Shaivism is the second largest religious community in cotemporary India. It has several distinct and important branches, and is commonly associated with asceticism. Lord Shiva himself is often depicted as a yogi sitting in meditation in the Himalayas. Shaivism includes the principle of avatar, but the concept is less developed than in Vaishnavism. Shiva has important forms as Rudra (in a fierce and angry mood), Nataraja (the King of Dance), and the Linga. Shiva’s followers often consider him the Supreme deity, above all others.
The roots of Shaivism are anchored in pre-historic India. Evidence of the worship of Shiva has been found in ancient archaeological sites, such as Harappa and Mohenjo Daro. In the Rig Veda, he is referred to by the name Rudra.The oldest story about Shiva concerns his destruction of the sacrificial arena of Daksha after Shiva’s wife (Sati) voluntarily gave up her life upon being insulted by her father, Daksha.
Between 700 and 1000 CE there lived sixty-three Nayanmars (singer-saints) whose poems are still recited today. Thereafter, Shaivism became the prominent religion of India, particularly in the South. The rulers of many major kingdoms became Shaivites and patronised its representatives. Magnificent temples were built in Shiva’s honour and many impressive sculptures were inspired by him. Shiva is mentioned in the four Vedas, and particularly the Svetashvatara Upanishad, the Shaivite equivalent to the Vaishnava Bhagavad-gita. There are numerous references to Shiva in the epics and Puranas. Most Shaivite theology though, derives from later scriptures, particularly the Agamas.There are five main traditions, shown below.
- Svetashvatara Upanishad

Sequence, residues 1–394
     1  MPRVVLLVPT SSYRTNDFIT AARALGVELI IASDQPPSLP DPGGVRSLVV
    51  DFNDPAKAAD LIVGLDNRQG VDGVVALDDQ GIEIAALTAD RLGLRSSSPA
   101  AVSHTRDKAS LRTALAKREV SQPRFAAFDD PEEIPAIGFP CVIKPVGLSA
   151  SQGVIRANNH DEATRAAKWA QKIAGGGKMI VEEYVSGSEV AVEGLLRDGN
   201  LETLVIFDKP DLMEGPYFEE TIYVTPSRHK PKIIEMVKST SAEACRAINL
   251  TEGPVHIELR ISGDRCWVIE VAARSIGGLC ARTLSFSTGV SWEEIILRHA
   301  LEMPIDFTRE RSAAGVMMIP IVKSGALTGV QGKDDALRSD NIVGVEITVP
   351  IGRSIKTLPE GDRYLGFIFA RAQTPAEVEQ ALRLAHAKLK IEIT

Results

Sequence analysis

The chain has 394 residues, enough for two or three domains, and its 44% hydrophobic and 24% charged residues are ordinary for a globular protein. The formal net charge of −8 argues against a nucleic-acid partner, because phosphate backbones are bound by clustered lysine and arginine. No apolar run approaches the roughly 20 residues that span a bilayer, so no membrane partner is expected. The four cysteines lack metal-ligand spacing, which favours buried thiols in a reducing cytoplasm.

- Shiva Purana
- The Agamas
- Tiru-murai (poems)
- Shiva drinks poison
- Shiva destroys the three cities of the demons
- Killing Andhaka and other demons
- Daksha’s sacrifice
The Main Traditions
Perhaps the oldest school within Shaivism. The school of Shaiva Siddhanta (below) is a continuation of this tradition.
Followed by many intellectuals. It has a personal doctrine, stressing the plurality of souls (as opposed to the advaita idea that all souls and God are ultimately one).
Almost defunct today. Its most prolific writer is Abhinavagupta (c. 960 – 1020). The goal of this movement is to “become Shiva “and regain one’s universal nature. It is also called Shiva-advaita.
Virashaivism (the Lingayats)
Closely associated with the twelfth-century reformer, Basava. It opposed caste differences. Followers wear a small Shiva-linga round the neck.The present community is centred round Karnataka.
Shaiva has long been connected with rigorous asceticism. Well known are the naked Nagas. Many yogis are Shaivites. Prominent are the Nathapatnis, followers of Gorakhnatha, and the Aghori who deliberately contravene moral norms.